Wayne Regula won't be taking bull from his bovine much longer.

Wayne Regula won't be taking bull from his bovine much longer.

His 2-year-old bull, Lucky, catapulted the 85-year-old Evans Creek Road man through the air Monday morning, smashing him into a metal storage shed.

Mercy Flights rushed Regula to Providence Medford Medical Center with what looked like just a gash to his neck.

But doctors found Regula had three broken ribs, a fractured neck and a contusion, and he's got a few stitches and staples, said his daughter Donna Funk. Despite all that, he's stable, she said. But he wants to get rid of the ornery bull.

"He's alert and clear of mind," she said. "He's sore, and he's discouraged. He's not happy. But he's hoping to come home tomorrow if he remains stable."

Funk's 13-year-old daughter, Nicole, saw the attack. She said her grandfather told her afterward he is fed up with the bull. "Grandpa says, 'To hell with him,' " she said.

During the storm Sunday night, more than a dozen of the Regulas' cows got out of the pasture. All were herded back in the morning except Lucky, who was being difficult, said Nicole.

She watched while her grandfather fetched some firewood later in the morning. The bull stomped up to him.

"It threw him over his head," she said. "The bull started pushing him into the bushes. It started to bellow and kick up the dirt."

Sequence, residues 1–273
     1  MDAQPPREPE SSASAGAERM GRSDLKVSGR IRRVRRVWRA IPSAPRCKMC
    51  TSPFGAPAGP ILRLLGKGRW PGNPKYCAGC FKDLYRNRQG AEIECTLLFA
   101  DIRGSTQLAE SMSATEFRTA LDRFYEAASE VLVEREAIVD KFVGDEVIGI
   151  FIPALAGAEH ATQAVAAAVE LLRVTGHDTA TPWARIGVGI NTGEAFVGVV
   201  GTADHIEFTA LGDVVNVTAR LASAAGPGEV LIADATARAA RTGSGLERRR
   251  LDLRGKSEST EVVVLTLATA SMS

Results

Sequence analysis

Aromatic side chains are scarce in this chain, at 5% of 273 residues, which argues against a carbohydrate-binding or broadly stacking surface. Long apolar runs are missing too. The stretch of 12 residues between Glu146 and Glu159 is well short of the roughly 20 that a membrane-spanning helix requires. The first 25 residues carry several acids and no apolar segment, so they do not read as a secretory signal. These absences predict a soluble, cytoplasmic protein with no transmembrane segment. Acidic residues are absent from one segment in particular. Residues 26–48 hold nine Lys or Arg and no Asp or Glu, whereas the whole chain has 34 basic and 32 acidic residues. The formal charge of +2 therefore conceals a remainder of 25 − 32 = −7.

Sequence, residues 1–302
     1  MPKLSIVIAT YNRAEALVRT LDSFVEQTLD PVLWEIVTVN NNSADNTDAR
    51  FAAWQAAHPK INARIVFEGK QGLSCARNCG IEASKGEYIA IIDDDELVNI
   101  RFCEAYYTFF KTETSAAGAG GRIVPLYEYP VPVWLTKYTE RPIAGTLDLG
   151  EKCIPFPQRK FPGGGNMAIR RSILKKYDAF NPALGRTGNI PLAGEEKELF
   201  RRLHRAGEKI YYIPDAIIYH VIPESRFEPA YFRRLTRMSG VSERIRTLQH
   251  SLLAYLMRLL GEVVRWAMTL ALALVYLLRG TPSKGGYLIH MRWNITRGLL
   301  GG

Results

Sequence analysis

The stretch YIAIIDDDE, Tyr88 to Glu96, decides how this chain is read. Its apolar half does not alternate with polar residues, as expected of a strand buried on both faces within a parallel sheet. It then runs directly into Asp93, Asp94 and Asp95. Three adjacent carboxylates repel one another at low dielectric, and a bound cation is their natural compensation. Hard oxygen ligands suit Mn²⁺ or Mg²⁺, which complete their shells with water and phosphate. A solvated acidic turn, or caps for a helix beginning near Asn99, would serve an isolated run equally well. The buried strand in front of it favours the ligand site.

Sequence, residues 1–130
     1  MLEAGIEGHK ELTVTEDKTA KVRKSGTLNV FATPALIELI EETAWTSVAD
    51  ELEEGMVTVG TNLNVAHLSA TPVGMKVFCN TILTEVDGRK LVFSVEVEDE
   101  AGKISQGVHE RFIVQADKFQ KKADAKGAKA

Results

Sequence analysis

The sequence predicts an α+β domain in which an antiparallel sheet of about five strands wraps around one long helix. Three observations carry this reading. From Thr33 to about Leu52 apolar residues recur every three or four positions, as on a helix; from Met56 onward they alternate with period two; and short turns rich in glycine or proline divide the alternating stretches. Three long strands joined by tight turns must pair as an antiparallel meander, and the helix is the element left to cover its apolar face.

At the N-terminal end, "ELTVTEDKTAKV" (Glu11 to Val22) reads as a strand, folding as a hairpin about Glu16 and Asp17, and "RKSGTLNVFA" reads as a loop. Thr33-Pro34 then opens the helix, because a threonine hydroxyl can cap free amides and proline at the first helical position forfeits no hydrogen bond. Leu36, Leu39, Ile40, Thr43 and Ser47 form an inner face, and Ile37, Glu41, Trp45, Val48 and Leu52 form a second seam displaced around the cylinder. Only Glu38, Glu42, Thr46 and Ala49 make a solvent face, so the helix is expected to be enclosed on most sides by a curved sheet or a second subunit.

Eventually, Lucky left Regula alone and Nicole called 9-1-1.

As bad as the bull has been, Wayne Regula's wife, June, said it won't become hamburger meat if she has anything to do with it — despite what some of her relatives have suggested as they prepare for a family Thanksgiving.

"We raised him from a baby," she said. "He's just a young bull."

June Regula, 82, said she's going to try to find another ranch that might want to give her 1,200-pound pet a good home. "We'll find a place for him," she said.

Lucky got his name because he was hand-fed by humans with a bottle. He was nursed back to health after he broke a leg. Lucky's become so used to humans he's not afraid of them. "All the kids played with him," June Regula said. "He thinks everything's a joke."

She said she's learned a good lesson about treating bulls as pets. "You don't play with the bull," she said.

Nicole said Lucky was gentle with her in the past as she helped raise him.

"He was nice and stuff, but all of a sudden ...," she said.

Lucky stomped and bellowed defiantly Monday at humans, who gazed at him safely from the other side of the fence.

Wayne's grandson Jacob Kinsman, 30, said the only thing that keeps Lucky in line is his dog, Bandit, who happily chased the belligerent bull around the pasture.

Kinsman said Lucky has even threatened him recently. "The bull pinned me up against the barn," he said.

Other bovines in the pasture didn't seem to mind Lucky's unruly behavior of late.

"The cows like the bad boys," said Nicole.

Reach reporter Damian Mann at 776-4476 or dmann@mailtribune.com.